The big picture – The importance of quality and consistency in supply chains

March 17-18 (part 3)

Todd Davis and Tyler Mark

The third big picture topic from our visits with genetic and microbial suppliers is the role of having a high quality and consistent product in the supply chain.  We received a lot of information from all of our visits and this topic may have been presented in a more subtle way than the focus on genetics and business arrangements. It is still worth a few words to complete the picture from the last two days.

Rizobacter is concerned about quality and consistency throughout their production process. Rizobacter tests the quality of the inputs used to grow the microbials in the laboratory that will eventually become the seed treatment and other products.

Rizobacter also tests the quality of the treated product to ensure the same germination as prior to the treatment. The testing lab is an important part of Rizobacter’s business and their testing even statically validated that the shelf-life of their microbes was much longer than advertised. The ability to trace the product back to the production batch and date is also a way to maintain quality control and recall if a problem is discovered to pull product off of the market.

Dow seed also practices quality control throughout the production process. The seed is grown in a way to preserve the genetic lines and not cross-contaminate (complete with isolation from other corn/soybean fields and set-back from roads). The seed corn is harvested on the cob at 35% moisture and delivered to the plant directly from the field. Care is taken to slowly dry the corn without damaging, cracking, stressing the kernels.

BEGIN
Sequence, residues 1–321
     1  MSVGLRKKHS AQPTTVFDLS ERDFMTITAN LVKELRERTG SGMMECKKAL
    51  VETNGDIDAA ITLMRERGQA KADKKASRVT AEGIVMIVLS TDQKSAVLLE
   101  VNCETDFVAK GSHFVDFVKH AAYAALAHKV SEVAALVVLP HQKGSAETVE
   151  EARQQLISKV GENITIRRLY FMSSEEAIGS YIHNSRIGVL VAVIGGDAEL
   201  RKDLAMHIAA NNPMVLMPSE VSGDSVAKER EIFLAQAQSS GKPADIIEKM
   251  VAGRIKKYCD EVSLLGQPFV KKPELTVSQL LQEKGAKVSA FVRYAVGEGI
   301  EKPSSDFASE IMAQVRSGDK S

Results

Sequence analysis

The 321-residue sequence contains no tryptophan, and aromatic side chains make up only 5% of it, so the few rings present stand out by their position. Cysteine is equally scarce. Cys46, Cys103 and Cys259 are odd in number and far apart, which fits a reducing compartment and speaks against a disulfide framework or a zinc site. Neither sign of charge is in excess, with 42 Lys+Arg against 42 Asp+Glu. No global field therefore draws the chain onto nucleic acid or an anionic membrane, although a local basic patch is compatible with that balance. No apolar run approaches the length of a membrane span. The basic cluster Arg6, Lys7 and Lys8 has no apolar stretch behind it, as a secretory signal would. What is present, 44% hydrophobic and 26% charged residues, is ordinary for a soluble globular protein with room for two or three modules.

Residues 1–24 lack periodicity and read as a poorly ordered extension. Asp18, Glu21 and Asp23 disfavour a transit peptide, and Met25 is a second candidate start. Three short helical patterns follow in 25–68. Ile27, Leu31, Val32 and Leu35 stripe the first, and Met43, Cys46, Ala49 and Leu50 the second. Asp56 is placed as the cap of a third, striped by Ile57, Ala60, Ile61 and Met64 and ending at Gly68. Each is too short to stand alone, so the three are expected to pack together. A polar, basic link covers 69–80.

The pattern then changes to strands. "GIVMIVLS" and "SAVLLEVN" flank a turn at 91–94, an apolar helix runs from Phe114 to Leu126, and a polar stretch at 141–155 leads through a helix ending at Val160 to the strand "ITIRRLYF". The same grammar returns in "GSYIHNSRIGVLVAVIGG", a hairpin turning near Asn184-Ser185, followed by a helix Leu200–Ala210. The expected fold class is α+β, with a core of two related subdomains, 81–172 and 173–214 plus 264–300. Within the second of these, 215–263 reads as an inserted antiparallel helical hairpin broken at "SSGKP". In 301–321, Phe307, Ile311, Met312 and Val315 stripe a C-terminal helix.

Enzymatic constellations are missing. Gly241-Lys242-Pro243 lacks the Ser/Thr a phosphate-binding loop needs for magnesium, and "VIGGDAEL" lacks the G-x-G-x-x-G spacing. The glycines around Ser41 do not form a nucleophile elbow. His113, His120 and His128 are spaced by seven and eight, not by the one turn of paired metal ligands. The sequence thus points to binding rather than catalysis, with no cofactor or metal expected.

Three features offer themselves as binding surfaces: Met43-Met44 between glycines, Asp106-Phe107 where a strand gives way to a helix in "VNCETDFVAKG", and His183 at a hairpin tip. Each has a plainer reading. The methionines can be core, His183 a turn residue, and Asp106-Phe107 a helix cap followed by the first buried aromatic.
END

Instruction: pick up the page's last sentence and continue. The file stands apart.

The drying process can take up to 72 hours and much care is used to dry the wet corn slowly to minimize stress cracks and broken kernels which would be unviable seed. Dow has four large dryers, like the one on the left, which use either natural gas or LP. The diversified fuel source reflects the country’s uncertainty of which fuel will be available as urban areas receive priority over industry if there is a shortage.

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Dow has the ability to trace poor quality seed back to the lot bagged and even the field where the corn was produced is available through the seed label. This is important to maintain control over the product after leaving the seed plant.

CIAVT also practices quality control by testing each sample collected. Each bull provides two samples a day twice a week. For example, the class viewed the collection process CIAVT uses for beef and dairy genetics. Testing is performed to view the motility, health, and potency of the sample. The minimum standard is that 60% of the dose must be alive. This sample only had 56% alive and was rejected as a way to ensure a better quality and consistent product.


The Big Picture – The role of business alliances, partnerships and other arrangements in supply chains

March 17-18 (Part 2)

Todd Davis and Tyler Mark

A common theme emerged from our meetings with Rizobacter, Dow and CIAVT — these businesses identify and use several business arrangements to continue to grow and improve their company through increased market share domestically and globally.

Rizobacter uses multiple partnerships and alliances to broaden their presence in the market. For some products, they use strategic alliances with seed companies within Argentina and globally. Another business arrangement is where Rizobacter sells their technology under a different label. In other forms, Rizobacter provides their products as an input to a seed company and the seed is then branded and marketed with this value added seed treatment.  Rizobacter is a niche provider of microorganisms and has the quality reputation to be able to form these partnerships but maintain their own corporate identity.